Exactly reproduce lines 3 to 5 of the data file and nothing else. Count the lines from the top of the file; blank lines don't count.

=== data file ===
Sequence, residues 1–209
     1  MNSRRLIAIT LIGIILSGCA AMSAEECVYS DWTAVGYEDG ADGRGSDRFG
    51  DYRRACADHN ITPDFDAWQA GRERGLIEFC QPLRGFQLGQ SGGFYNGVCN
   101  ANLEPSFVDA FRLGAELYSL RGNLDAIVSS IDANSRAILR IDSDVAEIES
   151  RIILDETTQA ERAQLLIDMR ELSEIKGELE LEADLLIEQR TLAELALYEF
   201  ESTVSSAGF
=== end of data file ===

    51  DYRRACADHN ITPDFDAWQA GRERGLIEFC QPLRGFQLGQ SGGFYNGVCN
   101  ANLEPSFVDA FRLGAELYSL RGNLDAIVSS IDANSRAILR IDSDVAEIES
   151  RIILDETTQA ERAQLLIDMR ELSEIKGELE LEADLLIEQR TLAELALYEF